JESUS: A REVOLUTIONARY BIOGRAPHY
By: John Dominic Crossan
I need to preface this by explaining that for the most part when it comes to the Bible, especially the Gospels, I am a literalist. This means if it says Jesus had twelve apostles following him around well then I believe he did! And the author doesn't, necessarily... But, actually, for a literalist reading a contextualist's book it was interesting and even educational. First, some examples of what I mean. Crossan believes rather than Jesus naming the 12, later Christian groups came up with the idea and added it to the story to represent the Twelve Tribes of Israel. My thought is if a few leaders can come up with such an appropriate idea then the Creator of the universe probably can, too. :-) There's also the talk of whether Jesus' healings were truly physical or more societal and whether the appearances on Easter Sunday actually happened in a day or perhaps years, instead. It was all very interesting and new but sometimes confusing. It does have a very good amount of research from other historical documents regarding the "supporting players" of the story, like Pilate and Barabbas. Crossan also makes some very good points about faith. I'd suggest reading this if for no other reason than to get people to think about what *they* believe.
THE JESUS I NEVER KNEW
By: Philip Yancey
I think this, along with Eli is my favorite among these books. This is much like Crossan's book in that it examines the historical Jesus but from a much more literalist point of view. I'm not saying that makes it better, I'm not a professional critic obviously, that just made it more understandable for me. Plus, Yancey talks a lot about how the movies depict Jesus, which is one of my favorite things to discuss. Anyway, he's got a lot of really good examples of incidents from his own life that gave him insights into Jesus' teachings. He really explains what possible other levels Jesus might have been trying to express in his parables and actions. I plan on rereading this because there is more I want to say but I want to check and make sure I get it right!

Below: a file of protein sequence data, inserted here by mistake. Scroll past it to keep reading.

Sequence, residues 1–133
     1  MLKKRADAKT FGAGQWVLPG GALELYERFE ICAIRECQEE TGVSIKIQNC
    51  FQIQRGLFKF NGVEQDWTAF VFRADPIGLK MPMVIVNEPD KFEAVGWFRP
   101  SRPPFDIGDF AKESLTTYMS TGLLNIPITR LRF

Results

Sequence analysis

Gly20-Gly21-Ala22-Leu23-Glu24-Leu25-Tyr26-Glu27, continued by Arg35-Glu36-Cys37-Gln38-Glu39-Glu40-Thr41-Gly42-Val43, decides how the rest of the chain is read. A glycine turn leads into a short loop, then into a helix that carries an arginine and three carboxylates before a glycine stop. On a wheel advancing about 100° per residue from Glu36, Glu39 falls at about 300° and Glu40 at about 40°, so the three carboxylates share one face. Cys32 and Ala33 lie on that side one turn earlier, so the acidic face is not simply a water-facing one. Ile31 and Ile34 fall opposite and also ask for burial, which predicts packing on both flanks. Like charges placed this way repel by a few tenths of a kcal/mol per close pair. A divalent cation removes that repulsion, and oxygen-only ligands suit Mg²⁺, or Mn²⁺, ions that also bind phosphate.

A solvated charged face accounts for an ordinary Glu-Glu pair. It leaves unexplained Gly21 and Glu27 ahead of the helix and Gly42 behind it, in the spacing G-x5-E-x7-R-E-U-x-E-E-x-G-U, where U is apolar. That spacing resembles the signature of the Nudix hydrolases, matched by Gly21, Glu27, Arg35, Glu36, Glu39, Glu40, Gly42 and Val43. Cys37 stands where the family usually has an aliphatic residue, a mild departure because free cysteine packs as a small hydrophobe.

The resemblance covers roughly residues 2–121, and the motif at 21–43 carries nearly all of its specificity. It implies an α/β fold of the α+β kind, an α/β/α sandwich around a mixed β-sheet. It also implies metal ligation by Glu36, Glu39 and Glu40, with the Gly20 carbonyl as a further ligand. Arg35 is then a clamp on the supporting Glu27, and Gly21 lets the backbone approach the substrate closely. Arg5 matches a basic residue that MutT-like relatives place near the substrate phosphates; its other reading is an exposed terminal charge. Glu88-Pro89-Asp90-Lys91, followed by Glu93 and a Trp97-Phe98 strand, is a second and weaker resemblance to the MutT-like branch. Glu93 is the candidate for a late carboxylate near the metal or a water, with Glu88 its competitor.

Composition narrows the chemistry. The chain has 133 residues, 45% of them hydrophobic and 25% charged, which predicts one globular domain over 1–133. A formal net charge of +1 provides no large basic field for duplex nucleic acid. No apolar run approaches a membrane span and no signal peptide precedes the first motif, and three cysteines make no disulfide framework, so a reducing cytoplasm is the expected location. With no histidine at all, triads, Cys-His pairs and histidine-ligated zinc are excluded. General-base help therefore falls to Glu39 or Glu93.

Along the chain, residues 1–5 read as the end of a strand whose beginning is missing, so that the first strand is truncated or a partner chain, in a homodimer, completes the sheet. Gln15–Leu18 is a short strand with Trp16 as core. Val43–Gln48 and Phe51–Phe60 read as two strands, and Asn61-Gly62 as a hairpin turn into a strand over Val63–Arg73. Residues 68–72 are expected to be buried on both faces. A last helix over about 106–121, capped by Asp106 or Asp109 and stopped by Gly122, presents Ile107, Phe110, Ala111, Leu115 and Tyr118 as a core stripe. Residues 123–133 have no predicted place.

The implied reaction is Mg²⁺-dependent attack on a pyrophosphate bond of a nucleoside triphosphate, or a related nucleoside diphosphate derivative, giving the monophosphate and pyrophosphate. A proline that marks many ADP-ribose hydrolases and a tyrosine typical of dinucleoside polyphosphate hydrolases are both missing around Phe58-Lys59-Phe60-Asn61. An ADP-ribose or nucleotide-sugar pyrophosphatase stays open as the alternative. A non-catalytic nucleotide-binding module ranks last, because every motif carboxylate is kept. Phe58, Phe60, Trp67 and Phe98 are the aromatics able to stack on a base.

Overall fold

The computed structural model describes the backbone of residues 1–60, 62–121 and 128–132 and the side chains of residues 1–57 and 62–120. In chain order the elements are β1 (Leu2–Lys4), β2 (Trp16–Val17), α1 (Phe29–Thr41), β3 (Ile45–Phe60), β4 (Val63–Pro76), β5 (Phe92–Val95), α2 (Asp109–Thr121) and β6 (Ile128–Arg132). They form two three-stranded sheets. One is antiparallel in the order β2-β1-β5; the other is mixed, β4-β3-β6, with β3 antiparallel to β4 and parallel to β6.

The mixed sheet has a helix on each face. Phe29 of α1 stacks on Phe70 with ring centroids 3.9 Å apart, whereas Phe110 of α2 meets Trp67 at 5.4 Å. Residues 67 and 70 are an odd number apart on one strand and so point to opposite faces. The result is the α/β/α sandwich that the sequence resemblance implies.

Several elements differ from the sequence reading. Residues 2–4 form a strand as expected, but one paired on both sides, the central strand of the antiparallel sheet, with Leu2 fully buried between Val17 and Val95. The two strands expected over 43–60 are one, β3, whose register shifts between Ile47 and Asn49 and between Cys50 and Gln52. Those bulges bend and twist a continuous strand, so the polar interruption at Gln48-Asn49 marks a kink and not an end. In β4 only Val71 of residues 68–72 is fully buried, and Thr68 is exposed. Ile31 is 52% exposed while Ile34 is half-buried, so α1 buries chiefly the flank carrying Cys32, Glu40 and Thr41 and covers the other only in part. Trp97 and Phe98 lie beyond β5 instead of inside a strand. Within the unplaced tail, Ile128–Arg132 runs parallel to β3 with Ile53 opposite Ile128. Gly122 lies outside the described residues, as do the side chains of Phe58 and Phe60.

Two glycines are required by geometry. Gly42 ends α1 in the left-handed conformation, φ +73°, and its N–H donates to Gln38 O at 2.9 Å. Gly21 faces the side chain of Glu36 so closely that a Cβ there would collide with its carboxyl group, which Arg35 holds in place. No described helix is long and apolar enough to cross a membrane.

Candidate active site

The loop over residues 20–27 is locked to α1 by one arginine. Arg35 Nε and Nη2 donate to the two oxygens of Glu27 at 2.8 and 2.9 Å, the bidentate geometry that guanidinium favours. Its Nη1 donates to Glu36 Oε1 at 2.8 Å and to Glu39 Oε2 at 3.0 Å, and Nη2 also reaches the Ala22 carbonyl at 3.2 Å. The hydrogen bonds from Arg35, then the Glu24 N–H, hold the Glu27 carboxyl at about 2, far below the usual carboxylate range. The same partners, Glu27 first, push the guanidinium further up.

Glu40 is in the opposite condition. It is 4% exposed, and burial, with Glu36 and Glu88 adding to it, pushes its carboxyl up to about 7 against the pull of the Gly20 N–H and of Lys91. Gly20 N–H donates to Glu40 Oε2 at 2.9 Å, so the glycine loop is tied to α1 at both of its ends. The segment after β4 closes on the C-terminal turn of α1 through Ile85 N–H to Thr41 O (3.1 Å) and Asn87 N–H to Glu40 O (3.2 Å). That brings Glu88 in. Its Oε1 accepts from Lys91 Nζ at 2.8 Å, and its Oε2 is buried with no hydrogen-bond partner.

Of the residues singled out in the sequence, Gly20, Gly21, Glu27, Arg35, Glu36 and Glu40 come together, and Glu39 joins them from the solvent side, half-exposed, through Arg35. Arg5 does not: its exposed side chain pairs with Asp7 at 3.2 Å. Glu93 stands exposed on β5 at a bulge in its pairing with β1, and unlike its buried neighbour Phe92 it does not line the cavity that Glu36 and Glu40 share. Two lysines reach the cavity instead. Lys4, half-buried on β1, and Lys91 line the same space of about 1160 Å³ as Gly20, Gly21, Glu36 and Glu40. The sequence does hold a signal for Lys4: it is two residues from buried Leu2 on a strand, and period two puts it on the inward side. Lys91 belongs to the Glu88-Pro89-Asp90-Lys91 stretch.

HUGS FROM HEAVEN, EMBRACED BY THE SAVIOR
By: Caron Loveless
This is a book of short stories inspired by Biblical accounts from the life of Jesus. This time the stories are told from the perspective of those He healed. The leper tells of his recovery and the mother tells of watching her beloved Son be crucified. A great book to read when you need a little cheering up or if you just like thinking about things from a different point of view.
THE CHRONICLES OF NARNIA
By: C.S. Lewis
Okay, I'm of the opinion the less you know about these going in the better so I'm not saying much. Most people I know have read "The Lion, the Witch, and the Wardrobe" but you have to read the entire series! Most people know about the Christian level of this story because of LWW but it gets even better later in the series. This is my current favorite book on this list and the last "favorite" I'm naming since I've now named 3 different books my "favorite". :-) Enjoy!
THE JOSHUA SERIES
By: Fr. Joseph F. Girzone
Okay, I told myself I'd stop saying everything was my favorite. But this series was really good! As of the time of this writing, there are seven books in the series. All are about a mysterious man who shows up in towns all over the world, from NYC to Jerusalem to Vatican City, changing the lives of everyone he comes in contact with. Wherever he goes he is both shunned and adored, persecuted and protected. While some marvel at his miracles, others are amazed at his ability to remember events spanning thousands of years. It was extremely enjoyable reading these books and trying to figure out the mystery of Joshua, the healer, the carpenter, and the friend.
By: Calvin Miller
By: Christopher Moore